Her Salisbury Story took a tent the famous Chalke Valley History Festival, which was bigger and better this year. A week long event, it took a number of volunteers to cover all the time slots, lead by Jenny, who was there every day! The weather did its best and worst but our tent (sponsored by Parker Bullen) kept us dry and was easy to spot with its natty green stripes. Visitors trouped by to visit the trench experience and we constantly heard ‘shelling’ and firing behind us as they saw and felt what it had been like to defend a position of the road to Dunkirk! Royal Visitor One of our members managed to ‘doorstep’ the Royal entourage of the Duchess of Cornwall, to offer her information about the project, along with a souvenir bag and map of the walking tour.
Once again the school year was disrupted by the global pandemic and it was difficult for schools to deliver the curriculum, let alone other activities. Several schools attempted to field teams for the STEM Challenge. Unfortunately, only one team managed to complete their project and submit a final report for review. The Challenge was to research a simple, sustainable innovation that could make life better for people living in poverty in the developing world. The winning project The team from Godolphin School decided to investigate sustainable ways to make drinking water safe. They tested a variety of natural products which could kill common water-bourn bacteria. The judges were very impressed with the level of scientific investigation that the girls showed in proposing and testing hypotheses. The team not only thought about the product content, but also designed an impressive package that could be a practical
One of the outcomes of last October’s Safer Salisbury Conference, organised by Salisbury Soroptimists, was the suggestion that a Schools’ Forum should take place. This would give young people a chance to voice their opinions and take action in their own schools to promote zero tolerance of unacceptable behaviour towards women and girls. Godolphin School volunteered to be the host of this initial conference and eight schools were represented with one apology. This Forum was to present to those schools unable to attend the last conference, our idea that action could be taken within Salisbury to improve safety by working with young people. This Forum introduced some of the organisations working towards our goal; including the night time economy, CCTV, Wiltshire Police, the Street Pastors, Stars, Alibare and Everyone’s Invited. Ultimately we want to encourage young people to engage and mentor each other as well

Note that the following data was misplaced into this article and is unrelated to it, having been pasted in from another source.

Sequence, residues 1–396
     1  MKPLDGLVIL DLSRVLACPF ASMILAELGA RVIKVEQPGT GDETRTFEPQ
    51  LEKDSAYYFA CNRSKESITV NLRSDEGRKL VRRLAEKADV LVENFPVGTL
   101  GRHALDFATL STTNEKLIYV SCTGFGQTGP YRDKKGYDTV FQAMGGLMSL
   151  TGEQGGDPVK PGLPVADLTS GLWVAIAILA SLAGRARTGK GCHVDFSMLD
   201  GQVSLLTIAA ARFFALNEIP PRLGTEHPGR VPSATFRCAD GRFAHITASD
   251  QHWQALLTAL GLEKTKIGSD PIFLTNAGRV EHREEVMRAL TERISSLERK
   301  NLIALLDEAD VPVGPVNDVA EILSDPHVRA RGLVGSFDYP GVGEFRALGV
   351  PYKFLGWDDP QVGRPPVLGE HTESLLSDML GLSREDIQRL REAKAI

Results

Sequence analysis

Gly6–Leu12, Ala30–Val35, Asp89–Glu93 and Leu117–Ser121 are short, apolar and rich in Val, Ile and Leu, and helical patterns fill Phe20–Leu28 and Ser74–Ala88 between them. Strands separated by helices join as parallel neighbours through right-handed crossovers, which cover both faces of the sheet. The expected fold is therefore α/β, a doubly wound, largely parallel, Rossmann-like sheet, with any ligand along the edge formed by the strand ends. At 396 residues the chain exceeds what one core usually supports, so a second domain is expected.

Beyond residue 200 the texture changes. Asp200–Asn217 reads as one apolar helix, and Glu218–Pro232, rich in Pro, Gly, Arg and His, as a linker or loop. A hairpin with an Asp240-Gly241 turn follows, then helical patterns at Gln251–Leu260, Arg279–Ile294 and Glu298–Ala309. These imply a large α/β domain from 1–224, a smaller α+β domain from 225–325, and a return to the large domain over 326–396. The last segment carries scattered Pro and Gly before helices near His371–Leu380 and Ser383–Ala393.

Recent local events have provided opportunities for members of the Club to promote the Women’s Safety Initiative. Lady Lansdowne, the High Sheriff of Wiltshire. is pictured here with Julia West, our incoming Communications Officer, learning about the project at the Mental Health Showcase at Salisbury’s Guildhall on 5 April. At the same event Liz Batten, outgoing Communications Officer was able to spend time talking about the project to both the Mayor of Salisbury, Caroline Corbin, pictured here and the Deputy Mayor, her husband Tom. Later that week there was the chance to catch up with football fans as the Salisbury Women’s Football Team were permitted a rare opportunity to play on the Salisbury RayMac stadium pitch. President Eleanor, Liz and potential new member Edwina Berkeley were on hand to talk to spectators and players about the
At our February meeting we heard from Victoria Charleston of the Alice Ruggles Trust about their work to publicise the danger signs of coercive control and stalking. They aim to help victims and their friends recognise these signs and act upon them. You can help spread the word by watching the videos on the site and promote them to schools and other organisations. Stalking is a crime and there are many organisations which can offer help and advice.
At our February meeting we were able to Zoom our sister organisation in Moldova to hear about their work with Ukrainian refugees passing through and staying in their country. Moldova is a very poor country and many can ill afford extra mouths to feed. Soroptimists in Chisnau have been helping to ferry vulnerable refugees from the Ukrainian border across their country to Romania. They have also visited villages where many refugees are staying with local families. It was clear from talking to them that their most pressing need was for money to buy supplies and petrol. We decided to pool our donations and send them directly to our sister soroptimists so that they can use the funds at ground level to help those who need it most. With some funds from our club and some very generous donations, we managed to send £3000. Our regional